As they had done in Korea in the post world war 2 period, a divided country with a tame dictator in “their” half was always seen as the better alternative. The current problems with North Korea are a direct consequence of that interference and subsequent sabotaging of attempts at a possible resolution of that seemingly now intractable problem.

Australia’s involvement in the Vietnam fiasco (three million dead; an environmental disaster; the ongoing genetic consequences of land devastation with Agent Orange; etc) only ended with the election of the Whitlam government in 1972.

Whitlam paid a heavy price for withdrawing from the Vietnam War and threatening to close Pine Gap, Australia’s number 1 nuclear target and a crucial component of the world wide mass murder machine that is the US military.

The US ambassador in Canberra at the time of the constitutional coup in 1975 was Marshall Green. He had an interesting career. He was a high official in the US embassy in South Korea when a coup installed a US backed dictator. He was similarly in Indonesia with another coup in 1967 when Suharto replaced Sukarno. That coup led to the killing of more than half a million Indonesians, mainly of Chinese ethnicity, with the authorities working from a CIA-supplied kill list.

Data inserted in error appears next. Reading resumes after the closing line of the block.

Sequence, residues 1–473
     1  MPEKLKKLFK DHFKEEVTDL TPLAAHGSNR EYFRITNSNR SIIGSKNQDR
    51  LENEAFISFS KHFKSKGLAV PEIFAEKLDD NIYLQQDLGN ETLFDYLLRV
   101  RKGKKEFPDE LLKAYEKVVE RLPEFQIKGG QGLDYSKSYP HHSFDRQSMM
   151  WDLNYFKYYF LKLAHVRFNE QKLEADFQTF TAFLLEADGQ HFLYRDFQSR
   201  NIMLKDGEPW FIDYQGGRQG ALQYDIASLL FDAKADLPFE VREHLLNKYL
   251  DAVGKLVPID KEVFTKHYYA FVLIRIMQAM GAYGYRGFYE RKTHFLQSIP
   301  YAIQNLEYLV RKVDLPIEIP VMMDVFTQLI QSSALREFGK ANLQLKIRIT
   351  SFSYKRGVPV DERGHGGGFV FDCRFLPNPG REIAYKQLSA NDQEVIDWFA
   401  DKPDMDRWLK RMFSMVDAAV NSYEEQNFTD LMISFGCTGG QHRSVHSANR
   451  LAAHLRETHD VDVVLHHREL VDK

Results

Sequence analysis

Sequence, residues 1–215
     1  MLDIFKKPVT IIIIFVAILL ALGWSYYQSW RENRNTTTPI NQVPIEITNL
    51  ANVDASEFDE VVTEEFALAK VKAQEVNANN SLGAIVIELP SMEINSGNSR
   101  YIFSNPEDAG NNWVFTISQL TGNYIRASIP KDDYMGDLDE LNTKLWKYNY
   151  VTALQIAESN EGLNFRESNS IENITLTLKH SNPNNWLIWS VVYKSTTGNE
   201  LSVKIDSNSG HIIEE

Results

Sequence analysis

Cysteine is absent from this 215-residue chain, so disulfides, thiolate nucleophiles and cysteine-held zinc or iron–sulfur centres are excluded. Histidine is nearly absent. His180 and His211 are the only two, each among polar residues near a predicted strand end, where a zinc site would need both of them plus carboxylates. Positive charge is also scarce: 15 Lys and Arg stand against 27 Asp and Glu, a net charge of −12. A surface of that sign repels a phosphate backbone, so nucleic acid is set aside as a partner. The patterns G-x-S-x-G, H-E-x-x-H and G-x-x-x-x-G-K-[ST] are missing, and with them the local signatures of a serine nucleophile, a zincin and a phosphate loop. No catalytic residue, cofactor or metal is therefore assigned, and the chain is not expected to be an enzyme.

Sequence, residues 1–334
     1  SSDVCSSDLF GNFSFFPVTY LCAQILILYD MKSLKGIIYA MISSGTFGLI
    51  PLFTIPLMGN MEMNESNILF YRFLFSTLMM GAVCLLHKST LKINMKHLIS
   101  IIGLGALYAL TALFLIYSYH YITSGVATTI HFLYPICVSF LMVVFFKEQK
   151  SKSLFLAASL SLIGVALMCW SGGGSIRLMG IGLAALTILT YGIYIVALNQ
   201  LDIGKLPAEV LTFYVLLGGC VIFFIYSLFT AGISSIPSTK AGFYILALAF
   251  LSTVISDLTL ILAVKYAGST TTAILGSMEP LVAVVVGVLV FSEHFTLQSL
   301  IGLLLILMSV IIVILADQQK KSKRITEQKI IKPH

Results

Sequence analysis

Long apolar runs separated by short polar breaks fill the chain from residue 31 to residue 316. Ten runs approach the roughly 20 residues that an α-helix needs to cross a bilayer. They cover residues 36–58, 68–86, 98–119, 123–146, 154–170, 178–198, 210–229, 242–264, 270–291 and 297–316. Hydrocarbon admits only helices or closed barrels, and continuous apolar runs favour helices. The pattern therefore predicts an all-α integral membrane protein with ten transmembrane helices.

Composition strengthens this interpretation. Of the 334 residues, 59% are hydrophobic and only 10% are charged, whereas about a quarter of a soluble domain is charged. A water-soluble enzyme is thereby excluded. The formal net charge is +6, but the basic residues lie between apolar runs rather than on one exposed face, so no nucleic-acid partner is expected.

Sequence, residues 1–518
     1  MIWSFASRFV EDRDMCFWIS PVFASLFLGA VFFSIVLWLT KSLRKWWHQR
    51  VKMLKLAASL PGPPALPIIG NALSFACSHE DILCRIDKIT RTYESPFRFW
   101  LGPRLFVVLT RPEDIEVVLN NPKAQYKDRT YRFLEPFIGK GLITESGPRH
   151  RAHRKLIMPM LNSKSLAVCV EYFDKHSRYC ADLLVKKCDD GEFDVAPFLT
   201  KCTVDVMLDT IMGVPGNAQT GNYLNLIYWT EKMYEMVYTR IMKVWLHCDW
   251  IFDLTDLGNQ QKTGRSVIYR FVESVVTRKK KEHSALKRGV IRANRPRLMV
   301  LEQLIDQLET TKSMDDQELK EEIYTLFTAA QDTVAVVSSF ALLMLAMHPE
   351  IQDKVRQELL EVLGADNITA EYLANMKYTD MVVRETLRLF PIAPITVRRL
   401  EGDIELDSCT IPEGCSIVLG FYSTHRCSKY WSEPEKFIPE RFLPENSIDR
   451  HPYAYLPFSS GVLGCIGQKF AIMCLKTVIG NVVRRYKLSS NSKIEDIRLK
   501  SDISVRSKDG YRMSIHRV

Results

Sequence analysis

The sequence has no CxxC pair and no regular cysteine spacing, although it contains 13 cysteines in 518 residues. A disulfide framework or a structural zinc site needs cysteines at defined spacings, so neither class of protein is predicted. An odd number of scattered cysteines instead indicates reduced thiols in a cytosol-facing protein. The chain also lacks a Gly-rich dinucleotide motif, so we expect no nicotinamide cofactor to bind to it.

Green then went to Chile and organized the violent overthrow of the democratically elected (but fatally non-obedient to American wishes) Allende government. Fresh from that triumph he was then sent to Canberra where, lo, another less than enthusiastic supporter of American imperialism was dispatched.

Conspiracy or coincidence, Mr Green certainly had the knack of being in the right place at the right (from an American perspective) time.